Keith Robinson, <EM>Canterbury's Law</EM> Keith Robinson, Canterbury's Law

You may recognize Keith Robinson as singer-songwriter C.C. White in Dreamgirls, but now he's playing a different kind of writer, working on legal briefs as Chester Grant in Fox's edgy new legal drama Canterbury's Law (Mondays at 8 pm/ET). We cross-examined Robinson to discuss how he turned his singing into an acting career, how Canterbury's stands apart from other lawyer shows and what we can expect from his character this season. Now that we've seen the first episode, what can we expect in the coming weeks?
Keith Robinson: You're just going to get a lot deeper into the storylines, and you're going to see more of the shocking ways that we come to conclusions in proving our clients' innocence. I think we up the ante every week with how far we'll go as lawyers to prove our point, even if that means sometimes going outside the lines. My storyline, in particular, doesn't really pick up until the second or third episode. We get into my relationship with my dad, how I became a lawyer so young, and the issues I have to take on in my own life. We know your character is the son of a congressman who wants nothing to do with his father's politics. Will we get to know why soon?
Robinson: To say the least, Chester and his father have butted heads, and he's eager to prove that he's not like his father, when actually he's exactly like him. They both have an intense desire to gain power. Some of his father's antics end up getting him in hot water, and he has to come to Chester for help to get out of it. He has to bite his tongue and swallow his pride, so their relationship becomes very intense and conflicted throughout the course of the show. Since Canterbury is such a strong woman, will that desire to gain power make it harder for Chester to listen while she's barking orders at him?
Robinson: I think eventually, some issues definitely come to a head. But in the next episode, they get into an intense discussion of why Chester would even want to study under someone like her. Even though they do have different views, they're alike in a lot of ways and there's a mentor-apprentice respect they both have for each other. It's a hot-and-cold relationship. We've seen previews that depict Chester's father warning him to get away from Canterbury. Will she find herself in trouble?
Robinson: I'd say that's it in a nutshell. Chester's father is so well connected and is always one step ahead of him. It's irritating, and he doesn't always give advice that Chester wants to hear, but sometimes it's necessary, even if it comes from his father. In this case, it does involve the woman Chester works for. What was it about the legal aspect of the show that drew you to this role?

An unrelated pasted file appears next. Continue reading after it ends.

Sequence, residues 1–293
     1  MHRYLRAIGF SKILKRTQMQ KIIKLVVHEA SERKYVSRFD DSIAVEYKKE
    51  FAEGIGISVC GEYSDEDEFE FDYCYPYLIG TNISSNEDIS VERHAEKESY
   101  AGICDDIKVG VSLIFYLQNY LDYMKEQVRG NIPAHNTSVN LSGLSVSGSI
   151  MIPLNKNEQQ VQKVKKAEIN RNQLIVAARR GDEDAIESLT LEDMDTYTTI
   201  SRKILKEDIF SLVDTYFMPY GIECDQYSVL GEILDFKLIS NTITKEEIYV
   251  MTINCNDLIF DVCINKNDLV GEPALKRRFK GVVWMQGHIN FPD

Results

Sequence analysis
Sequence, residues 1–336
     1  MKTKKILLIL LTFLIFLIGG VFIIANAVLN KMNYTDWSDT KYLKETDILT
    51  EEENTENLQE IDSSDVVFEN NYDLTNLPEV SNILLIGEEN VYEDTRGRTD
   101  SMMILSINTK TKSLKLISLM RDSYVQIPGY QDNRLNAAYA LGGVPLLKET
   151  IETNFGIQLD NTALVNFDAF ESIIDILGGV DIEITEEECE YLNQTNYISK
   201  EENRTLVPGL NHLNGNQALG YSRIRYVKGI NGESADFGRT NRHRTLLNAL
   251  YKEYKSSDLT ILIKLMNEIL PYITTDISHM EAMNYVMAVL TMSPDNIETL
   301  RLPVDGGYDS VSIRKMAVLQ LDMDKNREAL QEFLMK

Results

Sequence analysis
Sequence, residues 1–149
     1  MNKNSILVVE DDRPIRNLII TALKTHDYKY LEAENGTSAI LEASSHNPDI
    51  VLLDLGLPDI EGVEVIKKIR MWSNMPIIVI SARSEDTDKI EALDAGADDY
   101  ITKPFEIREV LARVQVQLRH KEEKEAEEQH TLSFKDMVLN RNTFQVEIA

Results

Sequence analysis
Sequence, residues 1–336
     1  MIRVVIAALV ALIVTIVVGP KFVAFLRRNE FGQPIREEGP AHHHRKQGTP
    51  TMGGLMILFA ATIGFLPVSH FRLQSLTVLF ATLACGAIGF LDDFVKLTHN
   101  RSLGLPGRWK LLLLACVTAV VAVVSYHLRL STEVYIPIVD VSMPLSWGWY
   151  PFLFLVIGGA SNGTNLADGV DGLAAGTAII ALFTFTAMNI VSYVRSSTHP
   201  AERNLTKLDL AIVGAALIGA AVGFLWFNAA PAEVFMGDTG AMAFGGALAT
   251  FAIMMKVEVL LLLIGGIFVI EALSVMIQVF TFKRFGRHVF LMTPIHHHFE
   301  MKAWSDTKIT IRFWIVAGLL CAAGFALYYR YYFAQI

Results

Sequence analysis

Robinson: I am a fan of the law. As an actor, I think it's one of those roles you dream of playing — being in a courtroom trying to win over a jury. It's kind of like taking the stage and trying to persuade people to see things your way. You're having to tell a story, which is a lot like being an actor, period. I think lawyers and actors do have a common denominator, an underlying objective. What sets this show apart from other lawyer series?
Robinson: We're not afraid to show the imperfections of our characters as lawyers. On a lot of law shows, the lawyers are the ones coming to the aid of the flawed human beings. In this case, we are just as flawed as our clients. And we ourselves even break the law to establish the law, which is kind of a paradox in itself. For me, that makes it really interesting and edgy. You were also in the recent CBS miniseries Comanche Moon. How was that experience?
Robinson: It was great. It was different — I got to ride a horse! Again, it's one of those roles you dream about. Being in a Western is like playing cowboys and Indians as a kid, but to get to do it in your professional life is a great experience. Was it hard playing a character Danny Glover created in Lonesome Dove?
Robinson: It was a challenge. But more so, I think there was a level of respect and expectation because the character has already been established. It's such a historical piece, and I wanted to make sure I did it justice. So there was definitely a little pressure there. You were once signed to Motown Records. How did you get into acting?
Robinson: I was in a band when I was signed, and the deal went south. I'm now a solo artist and have my own album coming out this year. As for acting, I moved to Los Angeles, and — long story short — I walked into an acting class that didn't have enough readers and the teacher suggested I read with them. The teacher liked me and told me to read for a role on a new Power Rangers show, and it worked out. I'm sure your singing past helped you earn your spot in Dreamgirls.
Robinson: Yeah, I did all my own singing. I am a vocalist first — that's really why I got into show business in the first place. Dreamgirls was right up my alley, and it let people know who I really was as an artist, so to speak. It opened up a lot of doors. And performing at the Oscars with Beyoncé and Jennifer Hudson is a pretty good gig, right?
Robinson: [Laughs]. Not a bad gig at all! I couldn't think of a better one. With the new show and album, it sounds like you've come a long way from Power Rangers.
Robinson: [Laughs] Definitely.

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